NAKURU, KENYA // Sarah Njoya can finally move on with her life. The widowed mother of four young boys, who was thrust into the spotlight when her stonemason husband was shot and killed by a rich white man three years ago, is happy to put this chapter of her life behind her. The way it ended, however, has left many in Kenya still wondering what money and influence can buy in the country's two-tiered justice system.
On a dreary day last week, Tom Cholmondeley, a white Kenyan aristocrat and scion of British nobility, who was convicted of killing Robert Njoya, walked out of Kamiti maximum security prison on the outskirts of Nairobi three months before the end of his sentence, ending a three-year saga that tested race relations in Kenya. Without the income from her husband, Mrs Njoya has been forced to sell arrowroot, a starchy tuber, at the open-air vegetable market here in the Rift Valley town of Nakuru. During an interview this week she said she had forgiven Mr Cholmondeley, but is finding it difficult to provide for her boys aged between six and 12.
"I'm just going to the market to sell arrowroot for the daily bread for my children," said Mrs Njoya, 31, taking a break from her work. "[Robert] was the breadwinner of the family and now I'm the breadwinner so it's difficult for me." Mrs Njoya said she is not bitter that Mr Cholmondeley was released early from prison. Prison officials said his release, with one third of his eight-month sentence remaining, is standard procedure for well-behaved prisoners.
Critics, however, see the early release and Mr Cholmondeley's light sentence as another example of power influencing Kenyan justice. Mr Cholmondeley had just about everything. The 41-year-old is the great-grandson of the third Baron Delamere, a pioneering British colonialist who settled in Kenya in 1901. Educated at Eton, Mr Cholmondeley became a successful businessman with a 20,000 hectare cattle ranch and dairy farm.
People who met him say he is friendly and generous but has a quick temper. He also apparently has an itchy trigger finger. In 2005, Mr Cholmondeley shot and killed an undercover Masai wildlife ranger on his Soysambu ranch in the Rift Valley. Charges against him were dropped before the case went to trial prompting claims of influence peddling and high-level government interference. A year later, Mr Cholmondeley was giving Carl Tundo, a friend and rally car driver, a tour of Soysambu when they came across Mr Njoya and his two friends poaching gazelle. Mr Cholmondeley told the court he was carrying a Winchester rifle to ward off buffalo and was shooting at Mr Njoya's dogs when he hit the poacher in the rear by accident. He later changed his story to say that Mr Tundo fired the fatal shot, but the judge dismissed the story as an afterthought.
The three-year trial captivated Kenya. Mr Cholmondeley was charged with murder, which carries a mandatory death sentence. In May, Muga Apondi, the judge, found Mr Cholmondeley guilty of the lesser charge of manslaughter and sentenced him to eight months in prison. The light sentence sparked protests inside and outside of the courtroom. The prosecution appealed for a harsher sentence, but the result is still pending.
Mr Cholmondeley's early release was met with mixed reaction. In the Rift Valley, home to many of Kenya's 30,000 white settlers, people said he had served his time. "If he was well behaved, then they followed the procedure in releasing him," said James Njoroge, a petrol station attendant in the town of Naivasha. "He's stayed in prison long enough." Timothy Waweru, who said he had sold handicrafts to Mr Cholmondeley, described him as a decent person who is quick to react.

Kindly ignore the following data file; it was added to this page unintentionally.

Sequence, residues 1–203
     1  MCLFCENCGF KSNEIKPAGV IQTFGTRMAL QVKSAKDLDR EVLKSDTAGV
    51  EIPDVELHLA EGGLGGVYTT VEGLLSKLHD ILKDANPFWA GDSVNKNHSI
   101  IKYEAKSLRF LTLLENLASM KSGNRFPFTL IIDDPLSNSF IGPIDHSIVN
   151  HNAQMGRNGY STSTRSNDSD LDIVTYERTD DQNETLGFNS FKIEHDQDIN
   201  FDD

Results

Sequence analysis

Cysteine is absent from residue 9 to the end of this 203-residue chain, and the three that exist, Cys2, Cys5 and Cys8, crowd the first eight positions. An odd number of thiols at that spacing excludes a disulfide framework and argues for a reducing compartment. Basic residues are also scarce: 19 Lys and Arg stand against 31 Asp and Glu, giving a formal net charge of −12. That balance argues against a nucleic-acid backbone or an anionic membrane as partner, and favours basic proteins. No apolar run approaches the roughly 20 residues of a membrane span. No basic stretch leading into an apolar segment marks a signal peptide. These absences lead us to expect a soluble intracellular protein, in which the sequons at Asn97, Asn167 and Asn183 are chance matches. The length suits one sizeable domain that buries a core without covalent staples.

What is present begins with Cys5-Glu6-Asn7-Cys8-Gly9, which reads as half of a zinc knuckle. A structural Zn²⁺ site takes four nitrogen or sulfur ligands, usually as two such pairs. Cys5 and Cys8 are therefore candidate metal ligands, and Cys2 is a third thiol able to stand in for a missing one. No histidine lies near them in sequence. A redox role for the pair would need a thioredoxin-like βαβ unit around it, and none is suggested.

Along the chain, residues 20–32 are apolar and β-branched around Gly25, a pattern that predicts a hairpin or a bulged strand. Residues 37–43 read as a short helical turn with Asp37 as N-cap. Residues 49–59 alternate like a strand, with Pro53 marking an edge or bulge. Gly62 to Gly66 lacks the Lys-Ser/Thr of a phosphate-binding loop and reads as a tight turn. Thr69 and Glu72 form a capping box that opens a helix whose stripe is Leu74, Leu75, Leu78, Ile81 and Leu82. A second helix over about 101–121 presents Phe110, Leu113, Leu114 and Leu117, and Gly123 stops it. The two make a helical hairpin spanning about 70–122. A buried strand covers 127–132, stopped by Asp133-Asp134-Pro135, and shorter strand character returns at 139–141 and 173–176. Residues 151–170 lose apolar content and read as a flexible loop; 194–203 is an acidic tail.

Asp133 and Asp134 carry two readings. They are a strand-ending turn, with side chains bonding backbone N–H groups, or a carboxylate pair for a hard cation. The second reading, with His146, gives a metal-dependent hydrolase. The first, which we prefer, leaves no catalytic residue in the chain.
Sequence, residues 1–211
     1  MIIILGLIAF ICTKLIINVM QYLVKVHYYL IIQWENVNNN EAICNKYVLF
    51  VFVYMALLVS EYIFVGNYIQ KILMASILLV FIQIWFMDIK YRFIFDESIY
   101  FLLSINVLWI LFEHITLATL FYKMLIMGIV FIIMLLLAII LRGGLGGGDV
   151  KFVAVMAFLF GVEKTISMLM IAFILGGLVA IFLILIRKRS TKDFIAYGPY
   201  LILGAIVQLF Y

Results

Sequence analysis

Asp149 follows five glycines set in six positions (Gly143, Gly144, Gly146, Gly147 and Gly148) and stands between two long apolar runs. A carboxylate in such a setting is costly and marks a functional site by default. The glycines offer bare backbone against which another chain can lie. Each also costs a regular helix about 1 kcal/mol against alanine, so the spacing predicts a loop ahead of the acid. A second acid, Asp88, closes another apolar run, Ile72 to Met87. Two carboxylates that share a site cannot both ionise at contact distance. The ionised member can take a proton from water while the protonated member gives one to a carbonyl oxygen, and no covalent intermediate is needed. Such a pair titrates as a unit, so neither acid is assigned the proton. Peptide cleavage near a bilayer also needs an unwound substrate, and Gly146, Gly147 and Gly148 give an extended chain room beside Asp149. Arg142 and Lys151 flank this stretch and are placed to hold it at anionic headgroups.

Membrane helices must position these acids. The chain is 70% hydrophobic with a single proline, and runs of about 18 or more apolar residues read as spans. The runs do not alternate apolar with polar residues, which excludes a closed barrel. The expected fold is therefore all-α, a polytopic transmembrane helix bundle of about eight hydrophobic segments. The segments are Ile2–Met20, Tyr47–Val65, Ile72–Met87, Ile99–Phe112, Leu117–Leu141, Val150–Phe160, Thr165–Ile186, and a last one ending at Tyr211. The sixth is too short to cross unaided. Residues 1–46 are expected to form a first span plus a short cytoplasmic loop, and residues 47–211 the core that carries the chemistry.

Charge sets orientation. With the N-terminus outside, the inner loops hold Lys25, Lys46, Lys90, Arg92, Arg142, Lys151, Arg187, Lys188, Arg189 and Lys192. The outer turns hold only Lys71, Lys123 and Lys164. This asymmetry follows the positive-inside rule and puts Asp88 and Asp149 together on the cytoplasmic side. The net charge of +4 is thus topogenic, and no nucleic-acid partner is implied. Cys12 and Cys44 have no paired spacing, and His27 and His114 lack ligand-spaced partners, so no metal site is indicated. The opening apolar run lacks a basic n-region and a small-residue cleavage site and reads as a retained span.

"He's not a bad man," he said. "He just takes action very quickly without thinking. He does business with us so we know he's not a bad guy." Masai leaders, however, are still angry that Mr Cholmondeley walked free after killing Samson Ole Sisina, the Masai wildlife ranger, in 2005. "This is selective justice," said Martin Ole Kamwaro, a Masai elder. "We feel that our system has let us down." On Wednesday, Mr Cholmondeley was not at his ranch house surrounded by green fields and flat-topped acacia trees. After his release on Friday, he flew in a private plane from Nairobi back to his ranch, where he stayed for two days, according to workers at his house.
"He was very happy to be home," said Patrick Waweru, a driver for Mr Cholmondeley. "All the workers greeted him. We wanted to lift him up." On Sunday, he had flown to the United Kingdom for a month of recuperation, Mr Waweru said. Sally Dudmesh, his girlfriend, wrote on Justice for Tom, a website maintained by Mr Cholmondeley's friends, that he would need time to recover from prison. "Getting back to a normal life won't be easy," she wrote. "As much as we would all wish for things to go back to the way they were before all this began, truth is they can't ... The Tom coming out of Kamiti will be very different from the Tom you all knew five, six years ago. So ... you will understand if he needs time to heal the scars or numb the pain of the past four years."
Though he is not required to by law, Mr Cholmondeley said during the trial that he would help Mrs Njoya and her children financially. However, Mrs Njoya said she has not received any money from him nor heard from him since the sentencing in May. "He hasn't helped me," she said. "He said he was going to, but he is not at this time. I'm still waiting to hear from him. I expect him to help." But, she said, she does not dwell on that fact. After all she has been through, she can finally move on with her life. "I'm not angry. I'm glad because my life has been released."